“Iván Molina Jiménez, with his much more political ‘A Young Demon Among the Shadows’, transports the reader to Europe and Africa. The two main characters of his story, who are respectively from militarized Germany and France of the future, turn out to be hired assassins at the service of a security company that has as its target a leader of a workers’ strike in Tanzania. The shadows of the title could well be understood as those that hover over developing countries, economically exploited by a first world in need of natural resources and that coldly applies its military superiority” (translated by Iván Molina Jiménez).

Furthermore, with the aim of providing an academic appearance to his interpretation of my short story, Alfaro Vargas, (2018: 14), in footnote number 10, cited himself:
“The literature of Iván Molina Jiménez has been analyzed by Alfaro-Vargas (2013 and 2014b). In reality, the literary production of Molina Jiménez chime in with a penny-dreadful literature. The quality of Molina-Jiménez's literature is so low; his literature, sold as science fiction, lacks scientific knowledge and an appropriate diegetic development”.

By self-referencing on that footnote, Alfaro Vargas, again deliberately conceals that his publications on Costa Rican science fiction have been deeply questioned by David Díaz Arias (2015), director of the Center for Historical Research of Central America at the University of Costa Rica. According to Díaz Arias, Alfaro Vargas
“…reproduces the Europeanizing and American stereotypes that Latin American science fiction scholars have struggled to overthrow. Thus, perhaps without knowing it, Alfaro [Vargas] echoes a historical imperial cultural prejudice: to despise what is produced in the peripheries of capitalism and to regard it as not science fiction, just as in the past, that same cultural prejudice has served other imperial purposes” (translated by Iván Molina Jiménez).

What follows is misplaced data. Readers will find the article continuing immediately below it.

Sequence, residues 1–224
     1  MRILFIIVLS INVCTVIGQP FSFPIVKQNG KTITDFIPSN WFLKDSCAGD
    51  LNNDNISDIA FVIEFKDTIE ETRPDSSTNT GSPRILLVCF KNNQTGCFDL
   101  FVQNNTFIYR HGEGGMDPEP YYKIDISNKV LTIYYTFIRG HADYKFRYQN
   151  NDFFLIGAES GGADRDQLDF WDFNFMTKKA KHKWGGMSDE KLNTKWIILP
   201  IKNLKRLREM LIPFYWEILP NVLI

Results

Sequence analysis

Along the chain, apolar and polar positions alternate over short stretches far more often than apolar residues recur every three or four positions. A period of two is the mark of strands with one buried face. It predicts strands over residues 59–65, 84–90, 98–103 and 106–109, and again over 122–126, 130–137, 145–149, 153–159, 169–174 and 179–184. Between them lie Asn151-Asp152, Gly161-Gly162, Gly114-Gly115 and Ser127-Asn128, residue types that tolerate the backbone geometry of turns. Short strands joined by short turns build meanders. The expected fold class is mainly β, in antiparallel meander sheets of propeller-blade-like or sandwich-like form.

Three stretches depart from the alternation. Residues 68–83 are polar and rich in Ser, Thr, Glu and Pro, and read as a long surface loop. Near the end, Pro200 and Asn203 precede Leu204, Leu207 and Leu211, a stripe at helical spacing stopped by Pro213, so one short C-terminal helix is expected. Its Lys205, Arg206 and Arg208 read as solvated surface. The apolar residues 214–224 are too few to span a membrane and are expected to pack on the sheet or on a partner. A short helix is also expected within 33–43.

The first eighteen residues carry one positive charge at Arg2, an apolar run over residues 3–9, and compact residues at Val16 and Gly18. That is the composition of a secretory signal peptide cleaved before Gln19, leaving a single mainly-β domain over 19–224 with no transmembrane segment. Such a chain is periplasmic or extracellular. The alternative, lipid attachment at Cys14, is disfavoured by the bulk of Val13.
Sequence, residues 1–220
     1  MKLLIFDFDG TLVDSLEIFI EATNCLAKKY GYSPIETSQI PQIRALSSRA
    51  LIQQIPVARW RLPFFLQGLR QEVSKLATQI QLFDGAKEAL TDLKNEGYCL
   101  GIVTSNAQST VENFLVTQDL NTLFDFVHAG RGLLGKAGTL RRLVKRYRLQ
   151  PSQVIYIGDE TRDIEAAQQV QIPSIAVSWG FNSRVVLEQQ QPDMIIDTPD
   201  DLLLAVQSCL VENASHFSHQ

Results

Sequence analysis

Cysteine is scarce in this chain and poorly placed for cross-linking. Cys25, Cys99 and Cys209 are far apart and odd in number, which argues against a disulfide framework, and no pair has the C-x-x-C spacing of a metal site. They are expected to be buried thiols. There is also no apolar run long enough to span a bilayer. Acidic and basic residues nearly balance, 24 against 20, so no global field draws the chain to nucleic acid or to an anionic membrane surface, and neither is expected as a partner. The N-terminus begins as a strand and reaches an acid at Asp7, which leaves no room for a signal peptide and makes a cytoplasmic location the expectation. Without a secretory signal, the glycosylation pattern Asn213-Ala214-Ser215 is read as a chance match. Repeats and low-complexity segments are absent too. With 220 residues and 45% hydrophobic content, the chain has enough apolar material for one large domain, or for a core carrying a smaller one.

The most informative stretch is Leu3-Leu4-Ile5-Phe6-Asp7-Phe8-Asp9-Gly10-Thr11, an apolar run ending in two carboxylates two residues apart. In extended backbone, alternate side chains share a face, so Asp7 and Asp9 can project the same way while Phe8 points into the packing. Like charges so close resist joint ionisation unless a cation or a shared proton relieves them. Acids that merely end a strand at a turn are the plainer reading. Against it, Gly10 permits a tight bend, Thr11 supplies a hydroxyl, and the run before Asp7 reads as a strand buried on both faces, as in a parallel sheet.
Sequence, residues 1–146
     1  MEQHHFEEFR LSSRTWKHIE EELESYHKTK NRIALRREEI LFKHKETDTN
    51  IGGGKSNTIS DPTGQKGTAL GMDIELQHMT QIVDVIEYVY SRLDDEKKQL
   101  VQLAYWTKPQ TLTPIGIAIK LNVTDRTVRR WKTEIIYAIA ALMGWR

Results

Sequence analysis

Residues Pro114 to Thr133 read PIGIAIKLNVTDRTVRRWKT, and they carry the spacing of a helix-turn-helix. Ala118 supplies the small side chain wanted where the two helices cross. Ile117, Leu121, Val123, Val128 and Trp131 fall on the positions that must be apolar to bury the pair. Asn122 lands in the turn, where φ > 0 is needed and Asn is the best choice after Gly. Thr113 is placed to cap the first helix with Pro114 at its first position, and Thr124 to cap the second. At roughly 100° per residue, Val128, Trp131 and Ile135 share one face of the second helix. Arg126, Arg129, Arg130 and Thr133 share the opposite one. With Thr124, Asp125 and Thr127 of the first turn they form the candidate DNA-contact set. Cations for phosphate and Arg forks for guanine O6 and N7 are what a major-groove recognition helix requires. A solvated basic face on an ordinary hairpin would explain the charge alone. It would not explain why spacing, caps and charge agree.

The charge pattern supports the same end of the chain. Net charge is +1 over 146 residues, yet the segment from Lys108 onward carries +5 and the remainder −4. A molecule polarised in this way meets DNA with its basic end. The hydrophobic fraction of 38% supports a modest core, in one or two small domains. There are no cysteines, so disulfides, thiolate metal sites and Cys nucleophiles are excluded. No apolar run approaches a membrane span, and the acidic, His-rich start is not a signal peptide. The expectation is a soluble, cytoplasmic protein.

Finally, in order not to raise doubts about the objectivity with which he interpreted my short story, Alfaro Vargas also decided to conceal that we have argued in the Costa Rican press, both in the Semanario Universidad and in the newspaper La Nación. Precisely, in an article published by La Nación, I pointed out that Alfaro Vargas is given to criticize institutions and persons, in a disproportionate, unfounded and infamous way: he accused the whole area of Philology of the University of Costa Rica of being corrupt and implied that the renowned Costa Rican novelist, Anacristina Rossi, is a reactionary at the service of the World Bank (Molina Jiménez, 2015). These debates shows that Alfaro Vargas distort data and conceal information, without any respect of the most elementary rules of scientific work.

I deeply thank the editor for giving me the right of reply in order to fulfill the duty to promote academic discussion of the writings published by his journal. I also acknowledge his effort to publish it soon enough.

Bibliographical references
Alfaro Vargas, Roy. (2018). Unnatural Narratives, Emotions, and Neoliberalism. SAPIENTIAE: Ciências sociais, Humanas e Engenharias. Volume 4, Number 1. Angola. (Pp. 5-21).
Díaz Arias, David. (2015). Tres prejuicios sobre la ciencia ficción costarricense. Revista Paquidermo. Retrieved from: https://revistapaquidermo.com/archives/11306 Last consult: 12/08/2018.
Molina-Gavilán, Yolanda. (2015). Presentación. Te voy a recordar. Relatos de ciencia ficción. Editorial Universidad Estatal a Distancia. Costa Rica.
Molina Jiménez, Iván. (2015). Revistas académicas y responsabilidad universitaria. La Nación. Retrieved from: https://www.nacion.com/opinion/foros/revistas-academicas-y-responsabilidad-universitaria/VQUPXO6CRJDSBETQOIBXECFUV4/story/ Last consult: 12/08/2018.